There may, however, be several variations of stellarator. NT-Tao, run by Gour-Lavie, is building stellarator-based technology with a twist.

“We are taking stellarator further,” he said. “Density is a key in any magnetic confinement  — hot, high density plasma will enable much more efficiency in the output. And to get to higher densities we’re taking advantage of new technologies like super strong power electronics that can really enable very fast heating of the system. It requires not a regular stellarator but one that can work in a dynamic mode where the heating and confinement work together. We’re having great breakthroughs in that.”  

Gour-Lavie said another advantage of the dynamic stellarator system is that it works better and more efficiently at a small scale, which means this kind of power source could be built with fewer resources.

3. Investors should consider multiple fusion bets

Even though stellerators might be emerging as the fusion technology many investors want to back, there is still scope to take multiple bets in fusion, especially for companies in the fusion supply chain.

Not every fusion company is trying to be a soup-to-nuts producer of the whole system, said Mowry.

“In the last few years you’ve seen the emergence of companies like Kyoto Fusioneering that are not trying to develop an integrated fusion solution but focused on being a supplier of key technology elements,” he said.

 “One can certainly imagine an investor investing in both a tier one company, which is really making a bet on the actual architecture of the solution in totality, but also separately making more than one investment in the supply chain of fusion, which as the industry grows up, is really emerging now as a critically important dimension to commercialisation.”

4. Energy is the big market and the only one worth gunning for

There are other uses for fusion, such a producing medical isotopes or providing propulsion systems for spacecraft, but these are tiny compared to the prospects of the $1tn-a-year market for energy. Most investors are only interested in the fusion companies looking to disrupt the energy sector.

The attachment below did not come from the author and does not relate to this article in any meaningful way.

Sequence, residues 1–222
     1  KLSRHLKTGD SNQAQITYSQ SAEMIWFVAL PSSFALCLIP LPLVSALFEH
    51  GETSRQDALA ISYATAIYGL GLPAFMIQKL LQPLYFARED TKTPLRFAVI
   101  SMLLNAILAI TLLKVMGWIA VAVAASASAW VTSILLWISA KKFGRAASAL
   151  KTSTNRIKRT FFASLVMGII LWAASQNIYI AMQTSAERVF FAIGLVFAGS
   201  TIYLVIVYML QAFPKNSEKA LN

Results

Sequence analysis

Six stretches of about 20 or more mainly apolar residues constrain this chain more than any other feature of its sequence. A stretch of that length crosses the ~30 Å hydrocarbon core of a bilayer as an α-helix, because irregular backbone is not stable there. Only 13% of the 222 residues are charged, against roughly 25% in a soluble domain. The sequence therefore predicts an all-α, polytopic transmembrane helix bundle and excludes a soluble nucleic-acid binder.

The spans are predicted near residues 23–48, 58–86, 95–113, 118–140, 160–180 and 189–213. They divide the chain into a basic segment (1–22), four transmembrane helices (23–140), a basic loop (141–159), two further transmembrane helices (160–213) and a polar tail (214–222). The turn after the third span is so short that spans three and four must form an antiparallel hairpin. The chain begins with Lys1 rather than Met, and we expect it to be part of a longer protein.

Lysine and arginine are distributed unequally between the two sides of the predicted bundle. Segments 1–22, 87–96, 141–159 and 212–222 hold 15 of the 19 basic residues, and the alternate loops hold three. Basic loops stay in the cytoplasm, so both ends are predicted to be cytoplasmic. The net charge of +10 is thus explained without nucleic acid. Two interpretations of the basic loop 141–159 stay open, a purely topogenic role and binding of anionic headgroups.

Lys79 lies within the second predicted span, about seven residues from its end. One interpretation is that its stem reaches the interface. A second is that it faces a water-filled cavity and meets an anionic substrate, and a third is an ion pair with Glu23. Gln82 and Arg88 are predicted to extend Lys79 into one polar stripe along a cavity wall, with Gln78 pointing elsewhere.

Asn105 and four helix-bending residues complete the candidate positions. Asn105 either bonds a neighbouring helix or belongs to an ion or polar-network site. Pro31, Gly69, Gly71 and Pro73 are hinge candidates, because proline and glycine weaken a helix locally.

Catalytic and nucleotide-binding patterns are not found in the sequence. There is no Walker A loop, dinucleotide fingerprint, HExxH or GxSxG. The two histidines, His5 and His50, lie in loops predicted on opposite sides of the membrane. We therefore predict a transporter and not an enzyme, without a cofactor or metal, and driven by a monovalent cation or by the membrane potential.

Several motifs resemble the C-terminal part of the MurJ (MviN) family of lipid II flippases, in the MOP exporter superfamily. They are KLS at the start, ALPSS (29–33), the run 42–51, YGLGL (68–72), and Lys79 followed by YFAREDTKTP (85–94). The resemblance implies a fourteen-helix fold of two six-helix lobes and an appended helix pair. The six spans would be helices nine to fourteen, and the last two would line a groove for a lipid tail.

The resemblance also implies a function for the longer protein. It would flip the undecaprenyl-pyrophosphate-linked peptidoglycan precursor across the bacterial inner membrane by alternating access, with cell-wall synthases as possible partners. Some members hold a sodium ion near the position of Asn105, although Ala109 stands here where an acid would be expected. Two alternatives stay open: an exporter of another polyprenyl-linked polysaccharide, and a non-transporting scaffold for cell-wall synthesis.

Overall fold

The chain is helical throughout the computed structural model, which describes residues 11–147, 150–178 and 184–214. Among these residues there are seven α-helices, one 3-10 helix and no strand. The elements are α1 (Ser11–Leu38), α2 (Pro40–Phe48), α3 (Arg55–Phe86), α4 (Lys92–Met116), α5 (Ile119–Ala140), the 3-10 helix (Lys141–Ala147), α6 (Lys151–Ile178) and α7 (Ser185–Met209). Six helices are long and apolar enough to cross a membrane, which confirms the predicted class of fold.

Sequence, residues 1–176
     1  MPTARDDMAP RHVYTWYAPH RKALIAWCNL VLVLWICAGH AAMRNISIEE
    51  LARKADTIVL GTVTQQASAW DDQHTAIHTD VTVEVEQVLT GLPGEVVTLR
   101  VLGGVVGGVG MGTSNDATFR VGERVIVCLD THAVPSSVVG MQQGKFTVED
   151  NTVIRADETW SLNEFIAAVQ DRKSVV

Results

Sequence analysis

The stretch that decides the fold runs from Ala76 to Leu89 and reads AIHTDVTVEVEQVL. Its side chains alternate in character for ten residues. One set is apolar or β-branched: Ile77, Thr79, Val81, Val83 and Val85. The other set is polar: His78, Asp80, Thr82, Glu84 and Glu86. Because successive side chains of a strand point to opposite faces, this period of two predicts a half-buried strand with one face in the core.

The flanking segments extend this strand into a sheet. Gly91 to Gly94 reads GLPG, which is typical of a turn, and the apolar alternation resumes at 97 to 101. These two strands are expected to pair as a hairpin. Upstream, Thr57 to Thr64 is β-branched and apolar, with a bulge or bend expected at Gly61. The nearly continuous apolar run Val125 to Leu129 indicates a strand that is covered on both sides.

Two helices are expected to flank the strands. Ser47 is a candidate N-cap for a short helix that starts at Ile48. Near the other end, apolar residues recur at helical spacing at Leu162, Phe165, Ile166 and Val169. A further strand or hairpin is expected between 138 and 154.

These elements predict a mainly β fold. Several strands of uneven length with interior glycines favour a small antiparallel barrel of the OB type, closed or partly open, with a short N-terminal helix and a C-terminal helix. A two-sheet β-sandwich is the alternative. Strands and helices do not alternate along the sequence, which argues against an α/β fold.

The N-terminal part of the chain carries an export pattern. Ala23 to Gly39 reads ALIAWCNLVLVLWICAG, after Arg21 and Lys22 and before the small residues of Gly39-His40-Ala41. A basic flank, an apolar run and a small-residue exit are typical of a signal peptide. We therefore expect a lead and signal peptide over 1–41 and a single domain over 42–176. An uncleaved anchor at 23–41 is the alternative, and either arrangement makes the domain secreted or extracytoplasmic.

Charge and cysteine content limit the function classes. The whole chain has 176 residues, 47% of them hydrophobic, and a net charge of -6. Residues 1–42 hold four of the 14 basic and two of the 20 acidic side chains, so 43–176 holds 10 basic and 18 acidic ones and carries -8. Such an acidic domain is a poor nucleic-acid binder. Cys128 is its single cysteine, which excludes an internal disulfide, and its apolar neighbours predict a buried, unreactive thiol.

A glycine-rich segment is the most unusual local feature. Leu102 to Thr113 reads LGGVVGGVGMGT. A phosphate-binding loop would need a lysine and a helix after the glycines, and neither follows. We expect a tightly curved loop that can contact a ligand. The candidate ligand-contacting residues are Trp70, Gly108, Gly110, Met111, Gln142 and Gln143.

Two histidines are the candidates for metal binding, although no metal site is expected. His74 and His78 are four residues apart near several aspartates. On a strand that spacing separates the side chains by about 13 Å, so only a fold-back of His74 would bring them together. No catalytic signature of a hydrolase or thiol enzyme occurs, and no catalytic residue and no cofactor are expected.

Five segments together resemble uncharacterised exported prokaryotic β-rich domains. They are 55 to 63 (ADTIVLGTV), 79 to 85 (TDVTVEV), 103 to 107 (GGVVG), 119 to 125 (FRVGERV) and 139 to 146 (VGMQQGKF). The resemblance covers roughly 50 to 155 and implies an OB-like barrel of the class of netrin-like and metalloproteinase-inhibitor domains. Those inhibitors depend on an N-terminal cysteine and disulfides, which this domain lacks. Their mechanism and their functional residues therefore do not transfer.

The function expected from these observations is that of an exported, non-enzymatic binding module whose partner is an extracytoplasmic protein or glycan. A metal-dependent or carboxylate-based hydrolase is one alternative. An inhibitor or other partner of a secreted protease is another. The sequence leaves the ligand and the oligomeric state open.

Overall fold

“None of these other adjacent sectors offer anywhere near that level of opportunity of impact on society,” said Mowry. “The biggest impact that fusion can have on society is to create a practical path to net zero. Most fusion companies that I know of that are part of the the Fusion Industry Association are really focused on that.”

5. Picking the right nuclear fusion startups is a technical task but also about people

Seibold, who is about to announce Hitachi’s first fusion investment soon, said the team spoke to many sector experts as part of the evaluation. But, in many ways, finding the right startup to back came down to the same techniques investors have always used.

“At the end of the day, I come back to an old rule that I learned when doing independent venture capital: you always have to recognise patterns. For some technologies, the investment time is ripe when you see several companies coming up with a very similar approach. Then, you better look for the best team and the best consortium,” he said. “Yes, technology due diligence is very important. But I believe equally in the importance of being surrounded by the right people.”

6. You can expect an exit from a fusion investment in 10 years. Yes, really.

Given that fusion is still a nascent technology, many have questioned whether a typical VC fund with a 10-year timeline would be able to get a return in time. But both Tosukhowong and Seibold have done the analysis and believe it can be done.

“I think there’s a consensus that we will see working prototypes by the end of the decade, and prototype reactors that actually feed into the energy grid in the first half of the 2030s,” said Seibold. “Then commercially viable plants by the second half of the next decade.”